When parties are going through the divorce process, either spouse may request alimony, also known as spousal support. This includes requesting alimony on a pendente lite (temporary) basis prior to the final hearing.
Alimony factors considered by the court in determining if alimony should be granted include, but are not limited to:
- respective income levels
- age of each party
- the ability of the spouse seeking alimony to become self-supporting
- length of the marriage
- standard of living of the parties during their marriage
- any special needs of the parties and its impact on employment, assets, financial resources and expenses
- any agreements entered by the parties
- financial needs and resources of each party
- contributions of each party, whether monetary or non-monetary, to the well-being of the family
The basis for divorce is considered by the court in determining alimony; however, fault does not guarantee alimony.
Alimony is viewed as a rehabilitative measure for a limited time period; however, it may be awarded for an indefinite period if termination would be unconscionable.
There are alimony guidelines in Maryland, but they are not statutorily mandated as they are in child support determinations. However, the guidelines can provide helpful guidance in conjunction with an analysis of each party’s income and expenses.
The law does recognize two circumstances when a court may award indefinite alimony:
- When the party requesting alimony cannot reasonably become rehabilitated and be self-supporting because of age, illness, infirmity, or disability.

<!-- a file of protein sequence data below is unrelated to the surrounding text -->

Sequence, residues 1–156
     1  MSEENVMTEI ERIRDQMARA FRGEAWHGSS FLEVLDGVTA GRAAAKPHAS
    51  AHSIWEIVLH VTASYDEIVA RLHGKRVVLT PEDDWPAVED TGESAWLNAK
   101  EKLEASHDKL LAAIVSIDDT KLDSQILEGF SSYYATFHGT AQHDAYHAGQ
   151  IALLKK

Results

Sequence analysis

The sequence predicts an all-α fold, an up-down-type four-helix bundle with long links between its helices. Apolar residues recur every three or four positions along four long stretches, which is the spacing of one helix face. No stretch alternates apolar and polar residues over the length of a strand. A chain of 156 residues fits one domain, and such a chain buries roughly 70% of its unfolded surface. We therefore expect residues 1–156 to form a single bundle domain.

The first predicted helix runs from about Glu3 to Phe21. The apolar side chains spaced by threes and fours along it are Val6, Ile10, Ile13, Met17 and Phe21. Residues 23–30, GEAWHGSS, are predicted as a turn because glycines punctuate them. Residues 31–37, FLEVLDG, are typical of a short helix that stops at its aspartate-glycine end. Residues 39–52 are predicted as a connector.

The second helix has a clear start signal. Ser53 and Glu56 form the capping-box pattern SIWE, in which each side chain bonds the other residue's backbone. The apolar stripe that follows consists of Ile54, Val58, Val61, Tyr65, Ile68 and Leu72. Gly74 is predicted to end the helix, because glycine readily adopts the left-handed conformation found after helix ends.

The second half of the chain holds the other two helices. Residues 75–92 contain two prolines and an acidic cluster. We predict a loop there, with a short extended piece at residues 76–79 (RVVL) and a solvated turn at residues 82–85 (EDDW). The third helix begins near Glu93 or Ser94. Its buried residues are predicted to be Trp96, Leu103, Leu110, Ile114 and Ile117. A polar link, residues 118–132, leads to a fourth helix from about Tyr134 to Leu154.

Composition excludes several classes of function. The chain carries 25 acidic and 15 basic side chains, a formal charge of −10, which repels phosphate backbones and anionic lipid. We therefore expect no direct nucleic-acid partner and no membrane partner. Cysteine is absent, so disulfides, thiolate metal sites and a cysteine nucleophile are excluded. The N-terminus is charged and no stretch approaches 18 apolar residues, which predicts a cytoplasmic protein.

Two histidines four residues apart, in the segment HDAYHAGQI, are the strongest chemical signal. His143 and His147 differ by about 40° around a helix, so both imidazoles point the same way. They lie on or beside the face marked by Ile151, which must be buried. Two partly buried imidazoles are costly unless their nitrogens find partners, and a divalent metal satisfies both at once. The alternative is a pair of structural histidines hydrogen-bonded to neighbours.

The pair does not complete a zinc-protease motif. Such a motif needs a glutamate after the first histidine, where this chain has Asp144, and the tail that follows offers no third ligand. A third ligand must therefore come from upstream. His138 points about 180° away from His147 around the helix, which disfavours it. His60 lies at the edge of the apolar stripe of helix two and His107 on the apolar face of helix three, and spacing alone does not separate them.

- When the party seeking alimony, after making as much progress to become self-supporting as possible, results in an unequal standard of living of the parties. Rehabilitative alimony may be extended to avoid this issue.
Generally, alimony can only be awarded prior to the entry of a Judgment of Absolute Divorce. Parties may choose to waive alimony prior to the entry of a Judgment of Absolute Divorce; however, once alimony has been waived and the divorce has been finalized, the party who has waived alimony is not able to later come back and seek alimony from the court.
ASSISTANCE PROVIDED BY FLAG
Since alimony is not statutorily mandated, a party seeking alimony needs an experienced attorney who understands the factors that weigh into an alimony determination and can effectively articulate those factors to the court, if necessary. FLAG attorneys are experienced in dealing with the many different aspects of alimony cases. Our attorneys will take the time necessary to communicate with you and determine your needs and the financial impact a divorce will have on your quality of your life.
Call our office (410) 884-0400 to schedule an Initial Consultation to discuss your legal rights.
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